From high level meetings to new regional strategies, here's the latest news from the G20 summit in Bali.
The G20 group of the world's biggest economies is meeting in Bali this week, and European countries are represented by France, Germany, Italy, the European Union, the UK, Turkey, and Russia.
So what are some of the key things we've learned so far?
1. Most G20 members condemn Russia's invasion of Ukraine
A draft of a declaration by leaders of G20 countries said "most" members strongly condemned the war in Ukraine.
The countries involved stressed it was "causing immense human suffering and exacerbating existing fragilities in the global economy," the draft said, suggesting that Russia had opposed the language.
The G20 members also voiced deep concern over the challenges posed to global food security by escalating tensions and called for the need for central bank independence to ensure they keep up efforts to rein in soaring inflation, the draft showed.
The 16-page document has yet to be adopted by G20 members.
In the first session of the Indonesia-hosted summit held on Tuesday, many countries condemned Russia's invasion of Ukraine, and afterwards, Russian Foreign Minister Sergei Lavrov left Bali.
2. China is trying to mend diplomatic fences
Beijing is using the G20 summit to try and mend some diplomatic fences in Bali, even amid concern in the EU about China's economic clout and issues like Chinese ownership of key EU infrastructure.
French President Emmanuel Macron held a bilateral meeting Tuesday with Chinese President Xi Jinping on the sidelines of the G-20 summit on Tuesday.
Meanwhile, Xi also met with new Australian Prime Minister Anthony Albanese, signalling that they would seek to move past years of disagreements after the first formal meeting between leaders of the two countries since 2016.
Macron asked Xi to intervene with their Russian counterpart Vladimir Putin to convince him to stop the "escalation" in Ukraine and return to the "negotiating table", said the Elysée.
The two leaders also expressed their desire to "move forward" on several bilateral issues, from agrifood to aeronautics, and Macron said he wanted to visit China early in 2023 if COVID-19 conditions allow.
On Monday, Xi met with US President Joe Biden to help ease tensions in their bilateral relationship.
3. European leaders make it personal with Putin
European leaders have been using their G20 speeches to hit out at Russia and make it personal with Putin -- even as the Russian delegation was sitting in the same room.
Britain's new Prime Minister Rishi Sunak said: "I'm going to use this opportunity to condemn Russia's hostile and illegal war in Ukraine unequivocally. And I know that other allies will as well because it's right that we highlight what is going on and hold Russia to account for that.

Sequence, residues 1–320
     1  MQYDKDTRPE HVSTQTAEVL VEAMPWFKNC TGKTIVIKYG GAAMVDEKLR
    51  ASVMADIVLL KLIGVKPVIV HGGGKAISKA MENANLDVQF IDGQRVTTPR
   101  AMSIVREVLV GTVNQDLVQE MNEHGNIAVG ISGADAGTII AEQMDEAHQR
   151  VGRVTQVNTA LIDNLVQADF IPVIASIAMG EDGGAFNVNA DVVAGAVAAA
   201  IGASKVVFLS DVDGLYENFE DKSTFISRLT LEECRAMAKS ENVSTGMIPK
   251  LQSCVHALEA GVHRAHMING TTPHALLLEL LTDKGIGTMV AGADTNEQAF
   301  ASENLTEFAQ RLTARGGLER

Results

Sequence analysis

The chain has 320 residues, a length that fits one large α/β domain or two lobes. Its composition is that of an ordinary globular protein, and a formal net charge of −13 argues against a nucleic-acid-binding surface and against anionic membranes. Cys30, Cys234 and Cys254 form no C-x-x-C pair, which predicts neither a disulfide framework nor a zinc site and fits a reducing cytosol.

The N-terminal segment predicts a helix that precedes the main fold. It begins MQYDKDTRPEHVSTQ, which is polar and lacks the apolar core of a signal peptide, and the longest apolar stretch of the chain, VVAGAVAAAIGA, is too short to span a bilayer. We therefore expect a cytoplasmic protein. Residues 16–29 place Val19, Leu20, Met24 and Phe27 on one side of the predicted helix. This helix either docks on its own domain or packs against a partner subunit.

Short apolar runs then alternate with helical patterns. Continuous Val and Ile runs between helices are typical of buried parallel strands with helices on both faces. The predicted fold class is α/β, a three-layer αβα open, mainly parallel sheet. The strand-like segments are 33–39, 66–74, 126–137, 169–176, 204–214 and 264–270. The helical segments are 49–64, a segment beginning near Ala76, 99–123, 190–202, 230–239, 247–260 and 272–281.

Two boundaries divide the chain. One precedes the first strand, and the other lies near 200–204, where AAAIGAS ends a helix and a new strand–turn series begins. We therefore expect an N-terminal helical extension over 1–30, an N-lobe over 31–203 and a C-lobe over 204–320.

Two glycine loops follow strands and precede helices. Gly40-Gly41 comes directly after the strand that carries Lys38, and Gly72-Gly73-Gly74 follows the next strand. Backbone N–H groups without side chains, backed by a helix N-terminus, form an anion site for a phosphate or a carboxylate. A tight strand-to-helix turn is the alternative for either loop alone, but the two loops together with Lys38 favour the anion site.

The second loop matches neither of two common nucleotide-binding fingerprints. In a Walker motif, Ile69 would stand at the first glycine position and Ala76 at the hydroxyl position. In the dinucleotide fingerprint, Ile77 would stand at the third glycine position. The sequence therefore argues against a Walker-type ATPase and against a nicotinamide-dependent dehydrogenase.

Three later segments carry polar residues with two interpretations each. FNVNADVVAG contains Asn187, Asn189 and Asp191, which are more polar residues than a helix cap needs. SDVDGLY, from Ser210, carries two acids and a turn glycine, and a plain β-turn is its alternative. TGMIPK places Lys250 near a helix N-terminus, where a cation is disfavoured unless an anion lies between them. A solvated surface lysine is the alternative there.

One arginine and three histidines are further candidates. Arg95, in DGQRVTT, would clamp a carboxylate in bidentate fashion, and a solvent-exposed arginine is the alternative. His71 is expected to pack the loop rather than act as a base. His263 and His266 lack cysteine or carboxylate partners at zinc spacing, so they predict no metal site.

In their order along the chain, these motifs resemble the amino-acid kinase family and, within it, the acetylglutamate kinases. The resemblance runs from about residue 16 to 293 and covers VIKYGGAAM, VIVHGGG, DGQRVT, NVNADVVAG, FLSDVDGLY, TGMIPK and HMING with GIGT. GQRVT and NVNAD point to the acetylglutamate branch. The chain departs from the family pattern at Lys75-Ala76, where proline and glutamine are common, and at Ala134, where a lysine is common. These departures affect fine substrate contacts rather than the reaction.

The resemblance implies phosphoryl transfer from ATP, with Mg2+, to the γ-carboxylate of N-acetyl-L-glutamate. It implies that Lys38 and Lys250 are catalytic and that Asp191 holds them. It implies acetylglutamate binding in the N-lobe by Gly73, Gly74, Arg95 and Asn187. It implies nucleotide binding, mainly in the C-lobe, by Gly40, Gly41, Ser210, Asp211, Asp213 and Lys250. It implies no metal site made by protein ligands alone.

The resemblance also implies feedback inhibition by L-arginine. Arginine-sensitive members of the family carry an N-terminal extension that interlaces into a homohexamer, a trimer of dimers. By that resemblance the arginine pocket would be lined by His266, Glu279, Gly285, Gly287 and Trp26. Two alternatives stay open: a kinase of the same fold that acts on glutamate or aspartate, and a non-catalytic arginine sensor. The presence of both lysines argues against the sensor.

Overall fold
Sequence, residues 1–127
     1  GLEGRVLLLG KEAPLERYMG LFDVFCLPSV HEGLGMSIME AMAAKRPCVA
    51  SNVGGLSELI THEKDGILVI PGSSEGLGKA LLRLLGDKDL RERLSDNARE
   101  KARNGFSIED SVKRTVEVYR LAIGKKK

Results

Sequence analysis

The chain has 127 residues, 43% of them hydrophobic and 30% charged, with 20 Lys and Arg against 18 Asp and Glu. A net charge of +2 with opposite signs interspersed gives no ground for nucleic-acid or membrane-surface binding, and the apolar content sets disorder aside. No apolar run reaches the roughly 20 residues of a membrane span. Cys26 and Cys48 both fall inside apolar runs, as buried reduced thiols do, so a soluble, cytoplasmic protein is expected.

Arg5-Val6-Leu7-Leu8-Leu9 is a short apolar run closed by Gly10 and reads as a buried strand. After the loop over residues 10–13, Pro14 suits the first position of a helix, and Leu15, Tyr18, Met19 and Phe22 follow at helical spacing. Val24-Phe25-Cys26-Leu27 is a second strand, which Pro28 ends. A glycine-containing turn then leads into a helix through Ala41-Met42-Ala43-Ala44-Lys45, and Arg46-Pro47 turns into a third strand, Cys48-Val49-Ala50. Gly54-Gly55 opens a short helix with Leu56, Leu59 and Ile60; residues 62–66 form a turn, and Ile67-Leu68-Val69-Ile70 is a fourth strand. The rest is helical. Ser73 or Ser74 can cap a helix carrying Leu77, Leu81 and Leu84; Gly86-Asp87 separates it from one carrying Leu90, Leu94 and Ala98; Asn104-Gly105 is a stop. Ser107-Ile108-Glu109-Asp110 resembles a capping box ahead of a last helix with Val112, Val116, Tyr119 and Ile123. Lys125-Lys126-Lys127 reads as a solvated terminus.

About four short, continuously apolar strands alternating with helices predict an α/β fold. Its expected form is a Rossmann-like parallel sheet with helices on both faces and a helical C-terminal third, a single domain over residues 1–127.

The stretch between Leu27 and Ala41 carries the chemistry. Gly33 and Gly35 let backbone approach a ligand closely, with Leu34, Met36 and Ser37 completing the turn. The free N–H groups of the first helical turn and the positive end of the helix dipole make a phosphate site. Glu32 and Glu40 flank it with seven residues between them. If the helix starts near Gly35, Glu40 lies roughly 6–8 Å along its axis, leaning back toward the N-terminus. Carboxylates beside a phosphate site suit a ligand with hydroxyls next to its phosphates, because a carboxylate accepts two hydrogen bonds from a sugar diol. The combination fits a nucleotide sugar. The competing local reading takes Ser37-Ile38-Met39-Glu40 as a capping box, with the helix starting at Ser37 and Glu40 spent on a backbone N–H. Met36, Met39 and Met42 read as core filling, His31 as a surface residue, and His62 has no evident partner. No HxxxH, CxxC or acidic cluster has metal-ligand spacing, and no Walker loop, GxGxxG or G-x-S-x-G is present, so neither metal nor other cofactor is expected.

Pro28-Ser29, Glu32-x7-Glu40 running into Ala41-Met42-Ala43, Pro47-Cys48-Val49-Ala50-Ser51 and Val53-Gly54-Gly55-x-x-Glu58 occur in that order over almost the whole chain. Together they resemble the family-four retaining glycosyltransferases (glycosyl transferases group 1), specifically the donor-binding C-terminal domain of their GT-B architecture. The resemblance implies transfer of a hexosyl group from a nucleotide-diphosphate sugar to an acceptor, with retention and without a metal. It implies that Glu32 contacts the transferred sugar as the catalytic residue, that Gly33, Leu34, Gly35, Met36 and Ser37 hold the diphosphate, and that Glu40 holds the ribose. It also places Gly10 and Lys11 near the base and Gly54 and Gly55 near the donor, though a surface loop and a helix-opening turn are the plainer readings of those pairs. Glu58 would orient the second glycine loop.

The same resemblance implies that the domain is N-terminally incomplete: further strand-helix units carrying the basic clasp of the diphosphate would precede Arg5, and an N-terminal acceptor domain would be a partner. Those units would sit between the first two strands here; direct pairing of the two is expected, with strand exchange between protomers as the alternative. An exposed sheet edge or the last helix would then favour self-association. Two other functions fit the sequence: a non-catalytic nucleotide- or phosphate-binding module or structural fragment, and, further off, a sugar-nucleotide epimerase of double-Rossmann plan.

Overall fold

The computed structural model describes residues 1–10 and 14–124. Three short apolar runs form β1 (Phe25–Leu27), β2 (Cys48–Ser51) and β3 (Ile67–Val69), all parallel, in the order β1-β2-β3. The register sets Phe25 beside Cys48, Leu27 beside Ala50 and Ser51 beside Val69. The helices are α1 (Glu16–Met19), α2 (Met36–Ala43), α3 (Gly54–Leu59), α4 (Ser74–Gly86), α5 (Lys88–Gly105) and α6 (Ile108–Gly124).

"I won't shy away from doing that," said Sunak.
Ukraine's President Volodymyr Zelenskyy gave a video address to the summit and made a point of snubbing Russia by addressing them as the "G19". Russian President Vladimir Putin did not attend the Bali event.
Zelenskyy reiterated 10 conditions for ending the conflict that began in February, among them a complete withdrawal of Russian troops and full restoration of Ukrainian control of its territory.
He also called for an international conference to "cement the key elements of the post-war security architecture in the Euro-Atlantic space, including guarantees for Ukraine."
4. France is using Bali G20 summit to launch new Indo-Pacific strategy
French President Emmanuel Macron is using the G20 summit to relaunch France's strategic ambitions in the Asia-Pacific region.
He is meeting with regional heavyweights, including Chinese President Xi Jinping and Indian Prime Minister Narendra Modi, on the sidelines of the Bali summit.
Above all, he hopes for "recognition" of France's ambitions and influence at the summit of the Asia-Pacific Economic Cooperation Forum (APEC), Thursday and Friday in Bangkok, where it will be the first European country invited.
The challenges are numerous: from the size of the area in which France is trying to project itself, more than 10,000 kilometres from Europe, to the difficulties of deploying military assets so far from home, in particular.
Emmanuel Macron has made this vast area stretching from the East African coasts to the West American coasts a strategic priority, where France has many territories and maritime areas.
This vast maritime space means France has a vested interest in environmental and fisheries issues, as well as the fight against ocean-related trafficking.
France is also increasingly present militarily, favouring growing cooperation with neighbouring countries.
It is increasing joint exercises with India and Japan and patrols in the China Sea.
5. EU leaders took the opportunity to talk in Balin
European Union leaders met Tuesday on the sidelines of the G-20 summit in Bali.
French President Emmanuel Macron sat down with, amongst others, German Chancellor Olaf Scholtz and Dutch Prime Minister Mark Rutte alongside top EU officials Ursula von der Leyen and Charles Michel.
Talks at the G20 summit were beginning under the hopeful theme of "recover together, recover stronger" after the COVID-19 pandemic and its economic consequences.
G20 members include both industrialised and developing nations and account for 80% of the world's economic activity and two-thirds of the world's population.
The summit's official focus is financial stability, health, sustainable energy and digital transformation, but tensions over Russia's invasion of Ukraine have complicated host Indonesia's efforts to build consensus to tackle those topics.